News

“Boreal Birds Need Half” report released today

As billions of birds are arriving on their Canadian boreal breeding grounds this May and June, international experts are calling for increased protection of Canada's “bird nursery of the north.” A new report by the Boreal Songbird Initiative (BSI), Boreal Birds Need Half, cites science showing that boreal bird species require expansive, landscape-scale habitat conservation in large, interconnected protected areas to maintain healthy populations. Science shows that conserving half (at least 50%) of the boreal forest provides birds the best chance to survive over the long term.  The timing of this Report heralds International Migratory Bird Day (Bird Day) month in North America.  Bird Day is celebrated in hundreds of communities in the Americas by events and activities to engage people in birds, and promoted in Canada by Nature Canada.  Each year Bird Day has a different theme.  “Why Birds Matter” is the theme this year, and the Boreal Birds Need Half Report did not disappoint in this regard, devoting several pages to documenting different ways that boreal birds matter, from pest control to seed dispersal. This Report builds on an earlier Report: Birds at Risk: The Importance of Canada’s Boreal Wetlands and Waterways, authored by Nature Canada, NRDC and BSI about the importance of Canada’s boreal wetlands for birds. “This Report is a timely initiative to refocus attention on the globally importance of Canada’s boreal region as a breeding grounds for birds and the need to keep the boreal as an intact ecosystem by protecting half of it and managing the rest sustainably” said Ted Cheskey, Nature Canada’s manager of bird conservation. “I am pleased that the report emphasized the value of the boreal to Canada’s indigenous peoples. Nature Canada is proud to work directly with and learn from Cree First Nations on southern James Bay. We are very happy to see the Report recognize the requirement of free, prior and informed consent from Canada’s First Peoples as a precondition to the Report recommendations. “We are also glad to see that Canada Warbler used as an example in the Report. Nature Canada is working in partnership with Bird Studies Canada, the Canadian Wildlife Service, and BirdLife International on an exciting project to recover populations of the officially Threatened Canada Warbler.” For more information contact Ted Cheskey at tcheskey@naturecanada.ca or see the report and the resource pages by clicking here. Ted Cheskey Manager of Bird Conservation Programs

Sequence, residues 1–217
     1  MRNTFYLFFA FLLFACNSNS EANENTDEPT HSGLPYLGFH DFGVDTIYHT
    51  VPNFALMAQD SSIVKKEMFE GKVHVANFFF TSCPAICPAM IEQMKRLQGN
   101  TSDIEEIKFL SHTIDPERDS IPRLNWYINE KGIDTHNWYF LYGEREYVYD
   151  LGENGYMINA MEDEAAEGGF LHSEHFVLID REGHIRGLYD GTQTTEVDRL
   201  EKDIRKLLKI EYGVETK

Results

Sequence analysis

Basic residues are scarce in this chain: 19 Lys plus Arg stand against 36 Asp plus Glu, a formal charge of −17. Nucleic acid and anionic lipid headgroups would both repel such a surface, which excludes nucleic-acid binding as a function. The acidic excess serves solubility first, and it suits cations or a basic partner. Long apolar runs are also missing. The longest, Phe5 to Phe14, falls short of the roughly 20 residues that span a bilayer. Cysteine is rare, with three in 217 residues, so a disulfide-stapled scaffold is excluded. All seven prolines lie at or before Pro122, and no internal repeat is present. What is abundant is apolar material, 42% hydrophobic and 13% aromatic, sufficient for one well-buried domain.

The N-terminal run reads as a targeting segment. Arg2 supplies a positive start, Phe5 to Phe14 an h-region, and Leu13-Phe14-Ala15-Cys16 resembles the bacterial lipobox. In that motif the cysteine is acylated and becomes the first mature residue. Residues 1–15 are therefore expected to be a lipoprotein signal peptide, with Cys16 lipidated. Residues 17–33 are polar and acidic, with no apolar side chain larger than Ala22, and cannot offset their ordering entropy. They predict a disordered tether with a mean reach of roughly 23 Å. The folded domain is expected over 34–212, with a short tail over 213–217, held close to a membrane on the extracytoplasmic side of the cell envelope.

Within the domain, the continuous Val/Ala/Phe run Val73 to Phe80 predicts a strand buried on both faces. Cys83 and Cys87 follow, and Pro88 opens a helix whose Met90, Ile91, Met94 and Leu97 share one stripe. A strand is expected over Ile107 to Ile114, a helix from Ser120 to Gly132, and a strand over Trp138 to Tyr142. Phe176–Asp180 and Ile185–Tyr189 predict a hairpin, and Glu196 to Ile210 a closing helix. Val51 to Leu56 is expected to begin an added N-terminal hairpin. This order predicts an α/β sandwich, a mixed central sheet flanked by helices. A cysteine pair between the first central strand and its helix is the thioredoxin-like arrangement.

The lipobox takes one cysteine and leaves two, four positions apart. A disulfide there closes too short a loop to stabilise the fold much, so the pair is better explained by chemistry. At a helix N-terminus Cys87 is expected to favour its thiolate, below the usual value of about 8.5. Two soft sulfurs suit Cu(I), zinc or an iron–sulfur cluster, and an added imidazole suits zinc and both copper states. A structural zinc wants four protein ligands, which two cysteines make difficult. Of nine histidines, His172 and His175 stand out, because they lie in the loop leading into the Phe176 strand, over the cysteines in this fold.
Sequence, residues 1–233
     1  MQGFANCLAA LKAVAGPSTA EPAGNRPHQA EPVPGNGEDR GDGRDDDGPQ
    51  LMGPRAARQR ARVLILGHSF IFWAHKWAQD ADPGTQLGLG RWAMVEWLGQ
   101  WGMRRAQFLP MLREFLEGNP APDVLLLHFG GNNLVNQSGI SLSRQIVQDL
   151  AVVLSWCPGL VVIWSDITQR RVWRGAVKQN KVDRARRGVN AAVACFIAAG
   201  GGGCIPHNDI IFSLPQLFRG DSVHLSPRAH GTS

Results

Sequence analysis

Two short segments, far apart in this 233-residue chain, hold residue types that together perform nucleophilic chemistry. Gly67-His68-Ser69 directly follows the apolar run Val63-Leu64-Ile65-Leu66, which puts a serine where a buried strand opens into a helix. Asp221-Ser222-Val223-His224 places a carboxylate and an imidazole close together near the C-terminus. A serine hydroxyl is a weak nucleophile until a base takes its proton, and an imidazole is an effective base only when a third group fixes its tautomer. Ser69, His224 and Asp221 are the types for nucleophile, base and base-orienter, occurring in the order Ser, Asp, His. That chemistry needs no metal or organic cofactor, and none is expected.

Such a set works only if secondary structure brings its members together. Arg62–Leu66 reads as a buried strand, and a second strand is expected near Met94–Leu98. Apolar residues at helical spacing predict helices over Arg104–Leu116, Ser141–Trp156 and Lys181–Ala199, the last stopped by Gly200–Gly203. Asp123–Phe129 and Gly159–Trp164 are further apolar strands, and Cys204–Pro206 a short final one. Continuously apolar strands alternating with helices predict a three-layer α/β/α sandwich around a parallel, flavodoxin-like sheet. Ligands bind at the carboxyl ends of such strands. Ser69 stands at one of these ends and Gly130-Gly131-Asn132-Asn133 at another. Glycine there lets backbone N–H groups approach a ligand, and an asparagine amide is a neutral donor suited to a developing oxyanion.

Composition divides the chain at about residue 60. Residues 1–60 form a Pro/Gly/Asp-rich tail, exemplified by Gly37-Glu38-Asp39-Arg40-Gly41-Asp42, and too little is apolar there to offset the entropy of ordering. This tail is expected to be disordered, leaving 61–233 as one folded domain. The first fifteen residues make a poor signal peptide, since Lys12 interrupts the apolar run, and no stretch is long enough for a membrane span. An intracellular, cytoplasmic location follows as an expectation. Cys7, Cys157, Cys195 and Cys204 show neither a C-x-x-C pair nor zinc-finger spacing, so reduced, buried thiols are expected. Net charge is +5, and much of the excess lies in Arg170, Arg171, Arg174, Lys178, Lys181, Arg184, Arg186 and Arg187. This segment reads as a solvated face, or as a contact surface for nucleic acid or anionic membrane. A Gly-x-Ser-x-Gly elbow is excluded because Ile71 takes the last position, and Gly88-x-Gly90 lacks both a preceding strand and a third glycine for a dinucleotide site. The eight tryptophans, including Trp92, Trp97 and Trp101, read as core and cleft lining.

If I had a hammer – Ode to Pete Seeger, my hero
News

If I had a hammer – Ode to Pete Seeger, my hero

I was saddened to hear that one of my heros, Pete Seeger, has died at 94.  Humanist, environmentalist, activitist, and brilliant performer and song writer, Pete Seeger is an icon, and an important part of American history, and a shining light on the great things of America.   Key moments that have shaped the USA are woven into Seeger's personna, the labour movement, persecution during McCarthyism, the environmental movement, the anti-Vietnam war movement, the restoration of the Hudson River. . . .   If you've sang, or hummed his song "If I had a hammer" you know a bit about Pete Seeger. When I was teaching outdoor education with the Waterloo Region District School Board, I would use one of Pete's songs occasionally for one of my indoor lessons.   It starts like this: "Well gather round people, and sit yourself down I'll tell you a story of somebody's town It isn't so near, and its not far away It's not a place where I'ld want to stay and the people were scratching, all over the street because the rabbits, had nothing to eat . . . ." The children would be scatching their heads, throughout the song, a true lesson on food chains and ecology, wondering why people were scratching because rabbits had nothing to eat.   The answer came in the last verse. Pete, you certainly inspired me and millions of others I have no doubt.  May your soul rest in peace, and your spirit and songs live on forever! Ted Cheskey, an admirer of Pete Seeger

Appeal of Environmental Tribunal’s Ostrander decision is happening now!
News

Appeal of Environmental Tribunal’s Ostrander decision is happening now!